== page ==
photo/occupywallst.orgOn a Saturday morning almost 25 years ago, Henry B. González challenged me to name the largest transfer of wealth in the nation's history.

I suggested a couple of New Deal programs and moved on to the defense budget.

“Mortgage lending,” he said.

In 1988, a 30-year, fixed-rate mortgage required the average family to pay for its house at least twice — once in principal and once in interest. Mortgage lending was then, as it is today, a vast transfer of wealth from the working class to the stocks-and-bonds class.

González also suggested that mortgage interest rates higher than four percent were usurious. Two years later, he became chairman of the House Banking, Finance, and Urban Affairs Committee.

On a Saturday morning almost 25 years ago, Henry B. González challenged me to name the largest transfer of wealth in the nation's history.

I suggested a couple of New Deal programs and moved on to the defense budget.

“Mortgage lending,” he said.

In 1988, a 30-year, fixed-rate mortgage required the average family to pay for its house at least twice — once in principal and once in interest. Mortgage lending was then, as it is today, a vast transfer of wealth from the working class to the stocks-and-bonds class.

González also suggested that mortgage interest rates higher than four percent were usurious. Two years later, he became chairman of the House Banking, Finance, and Urban Affairs Committee.

I recalled what González told me when I spent two days with the Occupy Wall Street protestors in Zuccotti Park in Lower Manhattan last week.

Not only is there no one in a position of power in Congress who would make a similar statement today. Banks are no longer banks.

When Bill Clinton, his Treasury Secretary Robert Rubin, and two Republican committee chairs in Congress dismantled the Glass Steagall Act — which since 1933 had maintained a wall of separation between commercial banks and investment banks  — banking was transformed.

With Glass Steagall in place, banks held deposits and made loans — many of them highly profitable home mortgage loans.

By the time the economy collapsed in 2007, mortgage loans were loss-leaders for investment banks. The returns investment bankers realized through home mortgages was exponentially increased by slicing those loans up to sell as collateralized debt obligations, then insuring the derivative debt with credit default swaps.

The result?

Citigroup, JPMorgan Chase, Bank of America, Goldman Sachs, et al. generated huge profits for investors and paid huge salaries and bonuses to executives, while creating the financial crisis that plunged the world into recession and destroyed 20 percent of the wealth held by American families.

It’s these financial Leviathans, and a federal government that failed to regulate them, that the remarkable kids who have turned Zuccotti Park into a protest encampment on lower Broadway are confronting.

Republican response has been predictable.

"If you read the newspapers today, I for one am increasingly concerned about the growing mobs occupying Wall Street and the other cities across the country,” said House Minority Leader Eric Cantor.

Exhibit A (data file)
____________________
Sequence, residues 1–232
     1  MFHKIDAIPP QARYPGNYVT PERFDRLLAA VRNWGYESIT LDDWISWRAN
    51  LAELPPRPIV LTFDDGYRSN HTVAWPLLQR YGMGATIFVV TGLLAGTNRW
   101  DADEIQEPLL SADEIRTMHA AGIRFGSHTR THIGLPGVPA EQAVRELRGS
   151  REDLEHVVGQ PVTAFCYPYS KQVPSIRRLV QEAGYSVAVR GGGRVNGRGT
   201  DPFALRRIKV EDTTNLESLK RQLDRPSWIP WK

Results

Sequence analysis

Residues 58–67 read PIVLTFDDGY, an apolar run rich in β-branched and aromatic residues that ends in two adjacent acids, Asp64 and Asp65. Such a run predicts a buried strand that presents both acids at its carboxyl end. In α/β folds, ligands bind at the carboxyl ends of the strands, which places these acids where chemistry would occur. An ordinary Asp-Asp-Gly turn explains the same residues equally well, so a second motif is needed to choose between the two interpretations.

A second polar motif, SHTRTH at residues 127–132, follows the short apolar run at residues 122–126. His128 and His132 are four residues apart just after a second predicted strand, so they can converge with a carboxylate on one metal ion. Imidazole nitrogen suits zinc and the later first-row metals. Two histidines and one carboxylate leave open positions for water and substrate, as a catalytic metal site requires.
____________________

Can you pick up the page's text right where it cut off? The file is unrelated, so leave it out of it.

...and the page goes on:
“I think it’s dangerous, this class warfare,” said Mitt Romney

“Don’t blame Wall Street, don’t blame the big banks,” Republican presidential aspirant Herman Cain said. “If you don’t have a job and you are not rich, blame yourself!”

Literally class acts, with the exception of Ron Paul, who is cheering Wall Street protestors on.

Liberal Democrats in Congress have been full throated in their support of the Occupy Wall Street Movement. "All of us should join that movement," Congressional Black Caucus Chair Barbara Lee said last week.

The president's response was more nuanced.

“I think it expresses the frustrations that the American people feel,” Obama said at an October 7 press conference.

“We had the biggest financial crisis since the Great Depression — huge collateral damage throughout the country, all across Main Street… I think people are frustrated. And the protestors are giving voice to a more broad-based frustration about how our financial system works.”

Only commiseration; anything more would be hypocritical.

Until bankers’ money began to move toward the ascendant Republicans, Barack Obama was the candidate of Wall Street.

Since he ran for the U.S. Senate in 2004, Wall Street has floated his campaigns. In the 2008 presidential race, Obama received far more financial support from the financial sector than either John McCain or Hillary Clinton.

There was more than money. Remember? Former Clinton Treasury Secretary Rubin (turned Citigroup chairman) shaped the Obama campaign’s economic policy — until it became evident that Rubin was toxic and had to go.

Once in office, Obama turned  financial policy over to Lawrence Summers and Tim Geithner, ensuring there would be no big move to regulate Wall Street. Summers was a  Rubin protégé, Geithner president of the Federal Reserve Bank of New York.

No Jamie Galbraith, no Paul Krugman, no Joseph Stiglitz in the Obama White House. Progressive economic policy thinkers were passed over and shut out.

Shortly before dawn on May 9, 1970, with Washington besieged by anti-war protestors, Richard Nixon quietly left the White House for a trip to the Lincoln Memorial, to talk to protesters encamped there.

Nixon botched the opportunity when one of the protestors said he was from Syracuse, and Nixon started singing the praises of Syracuse Orangemen football. College football was not a topic of great interest to the anti-war activists occupying the National Mall. (The moment is wonderfully recreated by Anthony Hopkins in Oliver Stone’s “Nixon” — even if Stone's anti-war activists are unconvincing.)

How does President Obama get from the White House to Zuccotti Park?

With great caution.